Indigenous Women Zero Hunger

Campaign for Zero Hunger seeks empowerment of indigenous women

According to the United Nations, indigenous women have higher malnutrition rates than any other social group and typically earn a lot less than men, putting them at a serious disadvantage. Statistics published by Reuters also show that indigenous peoples, of which there are around 5000 different communities across the world, constitute 15% of those reportedly in a position of extreme hunger and poverty.

Speaking to the Mexico City Forum on Indigenous Women, FAO director-general Jose Graziano da Silva commented, “indigenous women face a triple discrimination – poverty, gender and ethnicity, both within and outside their communities – making them highly vulnerable.”

It is no surprise, therefore, that the UN Food and Agriculture organisation (FAO) argue that tackling malnutrition among female indigenous communities is a critically important aspect of solving the issue of world hunger.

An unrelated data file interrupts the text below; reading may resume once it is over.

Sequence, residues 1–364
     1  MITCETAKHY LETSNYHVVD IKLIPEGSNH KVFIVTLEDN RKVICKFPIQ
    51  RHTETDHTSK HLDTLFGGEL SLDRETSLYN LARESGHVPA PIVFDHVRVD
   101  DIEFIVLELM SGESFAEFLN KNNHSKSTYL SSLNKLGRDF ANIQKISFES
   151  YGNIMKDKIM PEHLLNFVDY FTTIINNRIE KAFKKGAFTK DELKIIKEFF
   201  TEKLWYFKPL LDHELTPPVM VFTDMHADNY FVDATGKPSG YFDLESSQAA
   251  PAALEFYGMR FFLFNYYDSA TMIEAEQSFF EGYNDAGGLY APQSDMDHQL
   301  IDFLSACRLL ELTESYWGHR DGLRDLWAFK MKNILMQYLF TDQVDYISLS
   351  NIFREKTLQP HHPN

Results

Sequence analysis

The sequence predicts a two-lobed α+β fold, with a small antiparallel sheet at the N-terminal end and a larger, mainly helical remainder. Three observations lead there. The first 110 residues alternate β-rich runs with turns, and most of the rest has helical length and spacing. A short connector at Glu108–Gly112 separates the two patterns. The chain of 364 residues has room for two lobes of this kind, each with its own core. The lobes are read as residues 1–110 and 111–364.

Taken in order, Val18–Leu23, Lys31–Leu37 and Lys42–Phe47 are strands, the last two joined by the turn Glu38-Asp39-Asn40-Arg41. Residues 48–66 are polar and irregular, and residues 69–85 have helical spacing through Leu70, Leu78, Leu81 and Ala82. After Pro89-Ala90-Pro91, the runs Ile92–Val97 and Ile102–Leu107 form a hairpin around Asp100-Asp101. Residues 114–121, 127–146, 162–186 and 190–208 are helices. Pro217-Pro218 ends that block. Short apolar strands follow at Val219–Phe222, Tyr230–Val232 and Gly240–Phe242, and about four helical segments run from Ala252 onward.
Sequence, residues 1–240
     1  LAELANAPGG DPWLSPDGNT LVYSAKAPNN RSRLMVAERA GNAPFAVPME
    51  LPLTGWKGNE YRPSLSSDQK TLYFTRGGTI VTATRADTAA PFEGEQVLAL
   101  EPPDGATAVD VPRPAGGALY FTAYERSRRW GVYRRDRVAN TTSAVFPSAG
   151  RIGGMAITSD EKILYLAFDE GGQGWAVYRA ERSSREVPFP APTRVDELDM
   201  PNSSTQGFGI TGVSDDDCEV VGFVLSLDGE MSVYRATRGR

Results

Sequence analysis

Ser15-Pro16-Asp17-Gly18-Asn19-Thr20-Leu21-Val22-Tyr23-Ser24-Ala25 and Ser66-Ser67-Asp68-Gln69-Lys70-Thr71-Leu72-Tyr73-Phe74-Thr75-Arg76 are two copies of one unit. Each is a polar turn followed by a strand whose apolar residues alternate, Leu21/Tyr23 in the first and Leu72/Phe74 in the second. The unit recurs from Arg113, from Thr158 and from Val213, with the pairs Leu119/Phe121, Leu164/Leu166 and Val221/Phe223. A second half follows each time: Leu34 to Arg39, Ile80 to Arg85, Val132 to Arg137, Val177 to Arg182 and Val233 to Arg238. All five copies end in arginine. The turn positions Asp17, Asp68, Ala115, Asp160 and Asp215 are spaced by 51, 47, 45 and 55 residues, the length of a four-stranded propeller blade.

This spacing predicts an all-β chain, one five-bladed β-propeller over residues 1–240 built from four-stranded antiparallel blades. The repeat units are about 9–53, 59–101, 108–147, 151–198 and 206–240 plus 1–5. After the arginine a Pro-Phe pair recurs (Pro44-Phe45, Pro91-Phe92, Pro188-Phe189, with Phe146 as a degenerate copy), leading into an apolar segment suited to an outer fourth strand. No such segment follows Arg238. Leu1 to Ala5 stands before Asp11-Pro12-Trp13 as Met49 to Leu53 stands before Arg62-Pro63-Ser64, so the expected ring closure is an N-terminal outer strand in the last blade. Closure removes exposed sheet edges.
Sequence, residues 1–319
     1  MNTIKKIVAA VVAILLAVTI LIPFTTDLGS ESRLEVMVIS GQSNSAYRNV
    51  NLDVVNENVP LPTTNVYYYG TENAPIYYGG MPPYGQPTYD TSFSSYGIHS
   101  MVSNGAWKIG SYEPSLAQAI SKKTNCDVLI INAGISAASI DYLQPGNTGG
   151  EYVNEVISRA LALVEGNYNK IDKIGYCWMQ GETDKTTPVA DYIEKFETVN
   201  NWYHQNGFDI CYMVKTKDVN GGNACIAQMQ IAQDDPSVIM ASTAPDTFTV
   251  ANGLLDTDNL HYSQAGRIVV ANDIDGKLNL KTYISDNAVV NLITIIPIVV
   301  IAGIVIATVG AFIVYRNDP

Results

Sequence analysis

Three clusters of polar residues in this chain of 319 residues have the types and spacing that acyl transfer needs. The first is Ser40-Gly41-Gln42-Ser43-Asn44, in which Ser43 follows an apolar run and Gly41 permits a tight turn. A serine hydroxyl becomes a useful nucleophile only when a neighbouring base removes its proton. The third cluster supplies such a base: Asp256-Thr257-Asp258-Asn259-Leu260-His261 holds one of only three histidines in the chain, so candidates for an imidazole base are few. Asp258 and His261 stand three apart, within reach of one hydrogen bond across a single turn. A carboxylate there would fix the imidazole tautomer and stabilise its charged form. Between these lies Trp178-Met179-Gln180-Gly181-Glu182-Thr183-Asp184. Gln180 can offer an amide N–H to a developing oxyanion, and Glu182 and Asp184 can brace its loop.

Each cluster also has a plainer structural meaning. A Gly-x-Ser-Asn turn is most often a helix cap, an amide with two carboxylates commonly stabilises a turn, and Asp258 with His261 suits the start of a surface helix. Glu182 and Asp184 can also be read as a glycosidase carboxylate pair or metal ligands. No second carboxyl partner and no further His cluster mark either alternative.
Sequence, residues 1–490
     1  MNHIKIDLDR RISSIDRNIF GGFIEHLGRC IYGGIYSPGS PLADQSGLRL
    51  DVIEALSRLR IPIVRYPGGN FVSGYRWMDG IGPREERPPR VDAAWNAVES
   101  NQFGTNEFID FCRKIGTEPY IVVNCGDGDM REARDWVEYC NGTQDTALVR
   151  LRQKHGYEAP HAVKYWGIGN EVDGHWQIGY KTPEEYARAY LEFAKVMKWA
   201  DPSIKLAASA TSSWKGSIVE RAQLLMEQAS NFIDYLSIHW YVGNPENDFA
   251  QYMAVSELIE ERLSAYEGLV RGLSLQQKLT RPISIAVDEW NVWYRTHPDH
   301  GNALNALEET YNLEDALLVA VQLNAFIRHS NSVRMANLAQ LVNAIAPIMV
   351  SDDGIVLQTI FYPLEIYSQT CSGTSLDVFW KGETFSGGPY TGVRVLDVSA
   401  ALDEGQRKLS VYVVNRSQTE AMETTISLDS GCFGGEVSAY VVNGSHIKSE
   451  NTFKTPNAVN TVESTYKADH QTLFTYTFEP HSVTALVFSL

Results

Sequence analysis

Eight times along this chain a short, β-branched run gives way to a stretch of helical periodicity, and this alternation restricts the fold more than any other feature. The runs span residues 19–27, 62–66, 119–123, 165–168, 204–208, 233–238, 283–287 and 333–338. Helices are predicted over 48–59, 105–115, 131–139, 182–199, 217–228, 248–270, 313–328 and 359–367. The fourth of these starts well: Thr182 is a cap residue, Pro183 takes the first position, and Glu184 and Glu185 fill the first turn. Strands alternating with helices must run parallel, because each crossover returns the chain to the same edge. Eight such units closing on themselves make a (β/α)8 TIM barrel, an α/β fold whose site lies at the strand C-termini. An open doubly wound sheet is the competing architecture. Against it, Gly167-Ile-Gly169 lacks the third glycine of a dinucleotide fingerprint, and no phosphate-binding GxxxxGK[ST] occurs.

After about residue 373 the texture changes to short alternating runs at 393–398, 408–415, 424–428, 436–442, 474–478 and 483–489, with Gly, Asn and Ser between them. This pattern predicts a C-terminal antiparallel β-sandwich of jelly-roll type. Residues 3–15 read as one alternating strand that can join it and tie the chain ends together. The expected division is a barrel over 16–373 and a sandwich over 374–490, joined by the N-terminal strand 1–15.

For this reason, the UN is working with the International Forum of Indigenous Women and the News Agency for Indigenous and Afro-descendant Women in a global campaign entitled #IndigenousWomen Visible Women to highlight the discrimination they face around the world.

Yesterday, September 5, marked the celebration of Indigenous Women Day, which saw the FAO make another special call for 30 South American leaders to join the campaign for the empowerment of indigenous women.

This year’s celebration also marked the introduction of an initiative labelled ‘violet chair,’ an urgent call to encourage the participation of indigenous women in Zero Hunger policy discussions, behind the metaphor of a seat at the table.

“We cannot be short of food…corn… plantain… these are the foods that characterise our countries,” said Indira Vargas, a member of the Ecuadorian Quechua indigenous people, in a Visible Women campaign video.

“It is important to make indigenous women visible because it is a debt that states still owe indigenous towns and particularly indigenous women,” Salvadorian Betty Elisa Perez Valiente of the Nahuat Pipil community stated in an FAO campaign video.

In Mexico, advances in this area have already been made as July’s presidential election saw the first indigenous woman, traditional healer and Nahua speaker Maria de Jesus Patricio Martinez, run as a presidential candidate.

 

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